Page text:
Improving Patient Safety and CMS Performance through Medication Reconciliation 170

1Aurora Sinai Medical Center, Milwaukee, WI
2Aurora Sinai Medical Center. Milwaukee, WI
3Aurora Sinai Medical Center, Milwaukee, WI
4Aurora Sinai Medical Center, Milwaukee, WI

Meeting: Hospital Medicine 2010, April 8-11, Washington, D.C.

Abstract number: 170

Background:

Medication reconciliation is a major patient safety concern nationally and is linked to CMS measures. In 2006 an audit of the discharge medication list given to patients and the hospital summary sent to The primary was conducted. At That time a handwritten carbon copy form was used lo generate both the dictated and handwritten lisls. Fewer lhan 15% of the lisls were reconciled. An analysis of CMS measures specific to CHF showed that 90% of fallouts were secondary to reconciliation errors. The hospital, working with the IM residents, started an FMEA project focusing on getting an accurate summary lo the primary. One barrier identified was the carton copies were difficult to read, leading to both transcription errors by nursing and dictation errors by providers. In November 2007 a pilot sludy was initiated looking at the impact of dictating 1 list lhal would be given to both the patient and the primary.

Purpose:

The purpose of the study was to improve patient safety by reducing medication reconciliation errors by providing both the patient and primary with the same dictated list.

Description:

Transcription established a STAT line for discharge medication lisls. To keep from overwhelming the transcription service and ensure quick turnaround times, only the medication list could be done on this line the remaining parts of the discharge summary was done separately. The residents were instructed on how to dictate the reconciled list in palient‐friendly language and to include the primary provider Once the list was transcribed, it was faxed lo the floor and entered in the EMR. The resident reviewed the list and if correct, signed it and gave it lo the nurse. If there were errors, they corrected them in the EMR and gave the new list to Ihe nurse. The nurse would then review the medications list with the patient. Because the list was already in palient‐friendly language, this eliminated the need transcribe the list and reduced the chance for errors. Subsequenl audits showed the average time it took for the dictation to reach the floor was 30 minutes, resident compliance with all the required elements of the list (patient‐friendly language, provider information) exceeded 95%, and more than 80% of primaries were receiving the lisL Fallouts for CHF declined significantly, and CMS scores moved from Ihe third to the first quartile. Because the pilol showed such initial success, it was implemented house‐wide. This system has now been in place for 2 years, and CMS CHF fallouts because of medication reconciliation have remained low. Since implementation only 1 fallout has been attributed to a resident.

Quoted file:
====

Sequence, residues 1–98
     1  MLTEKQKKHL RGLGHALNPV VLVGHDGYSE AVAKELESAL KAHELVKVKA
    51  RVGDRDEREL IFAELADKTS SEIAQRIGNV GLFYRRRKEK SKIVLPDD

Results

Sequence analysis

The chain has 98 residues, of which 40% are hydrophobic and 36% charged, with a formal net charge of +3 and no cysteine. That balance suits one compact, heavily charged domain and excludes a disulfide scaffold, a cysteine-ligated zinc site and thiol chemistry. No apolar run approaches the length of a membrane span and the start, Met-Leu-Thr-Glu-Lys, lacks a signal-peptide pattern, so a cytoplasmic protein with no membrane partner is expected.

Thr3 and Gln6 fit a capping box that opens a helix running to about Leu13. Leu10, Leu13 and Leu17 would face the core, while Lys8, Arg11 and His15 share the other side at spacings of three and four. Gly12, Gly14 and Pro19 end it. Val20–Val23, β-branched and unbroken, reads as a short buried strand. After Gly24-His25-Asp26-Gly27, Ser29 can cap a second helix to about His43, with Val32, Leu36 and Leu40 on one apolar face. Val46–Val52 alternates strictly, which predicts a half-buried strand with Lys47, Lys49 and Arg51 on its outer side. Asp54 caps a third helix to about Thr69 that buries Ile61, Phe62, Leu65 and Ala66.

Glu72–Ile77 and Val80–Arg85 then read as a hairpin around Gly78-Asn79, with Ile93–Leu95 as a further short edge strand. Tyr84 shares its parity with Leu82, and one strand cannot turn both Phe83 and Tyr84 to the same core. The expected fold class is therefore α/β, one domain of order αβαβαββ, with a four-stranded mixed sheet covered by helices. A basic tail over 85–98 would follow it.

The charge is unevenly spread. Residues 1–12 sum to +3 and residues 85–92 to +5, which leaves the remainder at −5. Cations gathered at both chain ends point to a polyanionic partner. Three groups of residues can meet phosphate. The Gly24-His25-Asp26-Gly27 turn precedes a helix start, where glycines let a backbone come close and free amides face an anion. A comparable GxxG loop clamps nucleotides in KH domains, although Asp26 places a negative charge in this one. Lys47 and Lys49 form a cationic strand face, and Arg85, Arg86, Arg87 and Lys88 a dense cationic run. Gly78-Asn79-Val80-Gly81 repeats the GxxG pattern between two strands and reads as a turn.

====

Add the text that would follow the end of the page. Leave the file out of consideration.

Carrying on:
Conclusions:

By using a single reconciled medication listed dictated in palient‐friendly language, significant improvements can be seen both in medication reconciliation and CMS measures, which has a positive impact on patient safety.

Author Disclosure:

J. Jordan, none; M. Gennis, none; A. Khogali, none; T. Keck, none.

To cite this abstract:

Jordan J, Gennis M, Khogali A, Keck T. Improving Patient Safety and CMS Performance through Medication Reconciliation 170. Abstract published at Hospital Medicine 2010, April 8-11, Washington, D.C. Abstract 170. Journal of Hospital Medicine. 2010; 5 (suppl 1). https://www.shmabstracts.com/abstract/improving-patient-safety-and-cms-performance-through-medication-reconciliation-170/. Accessed May 23, 2019.

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